- The Washington Times - Friday, October 8, 2004

A 30-year-old British computer expert, accused of running several Web sites to promote holy war and funnel money to terrorist organizations, was in a London court yesterday to fight a U.S. extradition request.

Babar Ahmad was named in a federal grand-jury indictment handed up in August in Bridgeport, Conn., and unsealed this week, on charges of conspiring to provide support to terrorists; providing material support to terrorists including al Qaeda and the Taliban; conspiring to kill, kidnap or injure U.S. citizens; and engaging in money laundering.

Extradition papers filed in the case said that when Mr. Ahmad was arrested Aug. 5, he possessed classified documents describing movements of a U.S. Navy battle group in the Middle East — and instructions on how best to attack those vessels with rocket-propelled grenades from small boats.

The papers said he also had communications with a U.S. Navy enlistee aboard the USS Benfold, a guided missile destroyer, who the extradition documents described as “sympathetic to al Qaeda causes.” The sailor tentatively has been identified as Hassan Abujihaad, who served aboard the Benfold in 2000 and 2001.

An e-mail purportedly sent by the sailor expressed support for those who had attacked the USS Cole in Yemen on Oct. 12, 2000, calling them “men who have brought honor this week to the [Islamic nation] in the lands of Jihad — Afghanistan, Bosnia, Chechnya,” according to the extradition documents. Seventeen U.S. sailors died in the attack.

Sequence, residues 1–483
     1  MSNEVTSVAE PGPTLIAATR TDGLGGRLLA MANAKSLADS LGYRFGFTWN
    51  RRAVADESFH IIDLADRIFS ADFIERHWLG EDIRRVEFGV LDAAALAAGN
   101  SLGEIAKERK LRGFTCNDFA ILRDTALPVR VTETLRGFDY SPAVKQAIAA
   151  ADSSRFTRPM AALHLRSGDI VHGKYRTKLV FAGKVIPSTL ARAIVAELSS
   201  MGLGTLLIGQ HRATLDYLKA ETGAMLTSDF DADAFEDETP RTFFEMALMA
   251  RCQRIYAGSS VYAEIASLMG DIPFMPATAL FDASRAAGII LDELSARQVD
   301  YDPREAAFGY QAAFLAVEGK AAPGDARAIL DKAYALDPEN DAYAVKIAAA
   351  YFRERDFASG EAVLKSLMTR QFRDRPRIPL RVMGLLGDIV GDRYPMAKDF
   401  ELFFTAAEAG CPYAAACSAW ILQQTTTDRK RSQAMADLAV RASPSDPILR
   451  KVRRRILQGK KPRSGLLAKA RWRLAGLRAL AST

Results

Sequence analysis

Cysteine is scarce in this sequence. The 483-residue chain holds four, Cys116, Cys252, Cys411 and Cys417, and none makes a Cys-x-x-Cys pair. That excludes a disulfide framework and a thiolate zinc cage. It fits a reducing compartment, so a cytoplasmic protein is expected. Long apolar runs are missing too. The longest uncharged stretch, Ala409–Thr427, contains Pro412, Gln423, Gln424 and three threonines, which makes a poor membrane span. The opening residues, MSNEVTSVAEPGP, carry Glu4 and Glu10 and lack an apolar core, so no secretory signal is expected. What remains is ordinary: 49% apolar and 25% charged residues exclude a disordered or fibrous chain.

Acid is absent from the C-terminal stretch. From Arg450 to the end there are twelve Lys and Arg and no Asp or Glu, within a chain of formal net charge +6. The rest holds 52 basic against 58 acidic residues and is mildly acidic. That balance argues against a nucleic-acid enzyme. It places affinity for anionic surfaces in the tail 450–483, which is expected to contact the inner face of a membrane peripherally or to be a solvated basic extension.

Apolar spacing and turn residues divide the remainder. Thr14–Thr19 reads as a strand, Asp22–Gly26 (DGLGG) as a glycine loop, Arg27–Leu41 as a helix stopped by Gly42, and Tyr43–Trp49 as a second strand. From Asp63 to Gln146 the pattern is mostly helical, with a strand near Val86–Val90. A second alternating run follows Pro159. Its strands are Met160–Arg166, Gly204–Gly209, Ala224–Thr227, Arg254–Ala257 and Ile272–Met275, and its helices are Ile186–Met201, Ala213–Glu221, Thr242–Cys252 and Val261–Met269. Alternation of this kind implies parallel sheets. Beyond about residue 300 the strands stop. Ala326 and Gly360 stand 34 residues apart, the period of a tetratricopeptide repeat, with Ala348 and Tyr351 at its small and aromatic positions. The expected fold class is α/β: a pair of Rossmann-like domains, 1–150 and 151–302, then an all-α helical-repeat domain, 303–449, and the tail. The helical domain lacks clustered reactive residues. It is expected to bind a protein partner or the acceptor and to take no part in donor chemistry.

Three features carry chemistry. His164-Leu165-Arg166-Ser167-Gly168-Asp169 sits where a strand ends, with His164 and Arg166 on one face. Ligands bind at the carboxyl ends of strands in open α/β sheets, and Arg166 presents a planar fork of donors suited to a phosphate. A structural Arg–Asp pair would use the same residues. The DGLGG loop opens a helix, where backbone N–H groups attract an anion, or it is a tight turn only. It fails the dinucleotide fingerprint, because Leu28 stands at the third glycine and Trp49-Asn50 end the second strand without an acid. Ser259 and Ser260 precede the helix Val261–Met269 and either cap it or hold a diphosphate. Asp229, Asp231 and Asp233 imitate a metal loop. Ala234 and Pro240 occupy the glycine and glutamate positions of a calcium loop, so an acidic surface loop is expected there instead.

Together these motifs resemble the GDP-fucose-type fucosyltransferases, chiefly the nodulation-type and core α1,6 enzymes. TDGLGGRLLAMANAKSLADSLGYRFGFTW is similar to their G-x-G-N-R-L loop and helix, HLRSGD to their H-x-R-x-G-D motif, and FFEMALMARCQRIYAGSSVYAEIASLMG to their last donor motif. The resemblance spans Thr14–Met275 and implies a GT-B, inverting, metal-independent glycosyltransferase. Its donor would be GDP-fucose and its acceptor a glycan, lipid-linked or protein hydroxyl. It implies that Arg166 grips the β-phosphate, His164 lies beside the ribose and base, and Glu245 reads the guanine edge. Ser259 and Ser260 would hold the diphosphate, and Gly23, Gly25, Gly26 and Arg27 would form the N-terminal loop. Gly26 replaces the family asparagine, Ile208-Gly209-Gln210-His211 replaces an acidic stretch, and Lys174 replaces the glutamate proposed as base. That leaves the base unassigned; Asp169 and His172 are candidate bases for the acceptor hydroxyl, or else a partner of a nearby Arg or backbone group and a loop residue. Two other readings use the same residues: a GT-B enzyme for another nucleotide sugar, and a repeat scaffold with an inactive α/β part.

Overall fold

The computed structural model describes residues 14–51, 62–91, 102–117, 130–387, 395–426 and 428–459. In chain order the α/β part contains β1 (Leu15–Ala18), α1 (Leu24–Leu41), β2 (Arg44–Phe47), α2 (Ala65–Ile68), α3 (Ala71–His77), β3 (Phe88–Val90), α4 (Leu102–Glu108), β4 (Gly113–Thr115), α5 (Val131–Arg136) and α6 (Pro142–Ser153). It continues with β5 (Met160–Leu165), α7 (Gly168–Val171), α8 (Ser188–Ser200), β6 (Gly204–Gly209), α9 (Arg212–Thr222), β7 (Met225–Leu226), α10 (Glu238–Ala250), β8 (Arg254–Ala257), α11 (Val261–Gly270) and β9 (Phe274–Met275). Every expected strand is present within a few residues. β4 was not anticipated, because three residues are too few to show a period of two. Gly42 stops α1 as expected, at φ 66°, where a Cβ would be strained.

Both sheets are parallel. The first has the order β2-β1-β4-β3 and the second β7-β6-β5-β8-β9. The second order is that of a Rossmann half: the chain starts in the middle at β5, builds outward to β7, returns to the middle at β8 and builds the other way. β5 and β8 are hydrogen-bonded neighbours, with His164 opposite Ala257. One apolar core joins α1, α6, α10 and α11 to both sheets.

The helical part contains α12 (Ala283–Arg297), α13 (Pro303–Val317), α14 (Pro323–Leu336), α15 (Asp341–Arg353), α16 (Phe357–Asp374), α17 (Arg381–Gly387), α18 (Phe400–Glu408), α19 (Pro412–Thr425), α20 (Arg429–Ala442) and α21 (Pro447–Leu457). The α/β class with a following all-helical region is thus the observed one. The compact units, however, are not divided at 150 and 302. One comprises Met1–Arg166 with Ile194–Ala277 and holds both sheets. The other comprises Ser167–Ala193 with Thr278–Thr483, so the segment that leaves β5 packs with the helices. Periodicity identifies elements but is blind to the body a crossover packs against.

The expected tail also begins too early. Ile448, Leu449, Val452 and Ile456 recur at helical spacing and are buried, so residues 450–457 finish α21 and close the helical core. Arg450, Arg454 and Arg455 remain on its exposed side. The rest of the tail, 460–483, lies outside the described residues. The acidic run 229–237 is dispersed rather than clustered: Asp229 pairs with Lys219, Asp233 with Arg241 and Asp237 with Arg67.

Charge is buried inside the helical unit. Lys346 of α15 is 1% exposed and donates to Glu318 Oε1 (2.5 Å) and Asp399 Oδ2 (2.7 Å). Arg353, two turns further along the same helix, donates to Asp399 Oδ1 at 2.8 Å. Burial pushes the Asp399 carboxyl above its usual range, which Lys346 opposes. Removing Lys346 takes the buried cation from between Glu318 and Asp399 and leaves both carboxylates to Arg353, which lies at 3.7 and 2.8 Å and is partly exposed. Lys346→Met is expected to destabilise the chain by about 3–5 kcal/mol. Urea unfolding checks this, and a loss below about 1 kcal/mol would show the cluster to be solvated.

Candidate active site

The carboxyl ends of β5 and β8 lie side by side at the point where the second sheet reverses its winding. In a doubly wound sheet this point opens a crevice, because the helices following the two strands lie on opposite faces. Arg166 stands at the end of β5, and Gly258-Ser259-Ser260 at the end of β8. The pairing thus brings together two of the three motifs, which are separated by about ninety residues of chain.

The Aug. 4 indictment said Mr. Ahmad, a Web site administrator at London’s Imperial College, used U.S.-based Internet sites, including Azzam.com, to recruit al Qaeda, Taliban and Chechen fighters and raise cash for terrorist groups.

One of the groups he helped is led by Chechen leader Shamil Basayev, who has claimed responsibility for the Beslan school massacre in Russia last month.

The indictment also said Mr. Ahmad supplied terrorist groups with gas masks, night-vision goggles and camouflage gear.

His arrest culminated a three-year investigation by U.S. Immigration and Customs Enforcement, along with agents from the FBI, the Internal Revenue Service and New Scotland Yard.

The extradition documents also tied Mr. Ahmad to Noor Khan, named as a top al Qaeda computer expert. They said the two were involved in efforts to purchase 5,000 pounds of fertilizer and other bomb-making equipment. Khan also is in custody in London.

The documents said authorities found a tourist brochure for the Empire State Building in a search of Mr. Ahmad’s residence. The brochure included details about the building, including its ventilation system, and featured aerial shots and a map.

Law-enforcement authorities said his Web site encouraged people to train in street combat, land-mine operations and sniper combat, and contributors were urged to smuggle cash into Pakistan and pass it to the Taliban’s consul general.

“If you’re supporting the Taliban and the Taliban is killing American soldiers, we’re alleging you’re conspiring to kill American citizens abroad,” said U.S. Attorney Kevin O’Connor.

Charges were filed in Connecticut because Mr. Ahmad reportedly used an Internet provider in that state to host one of his sites.

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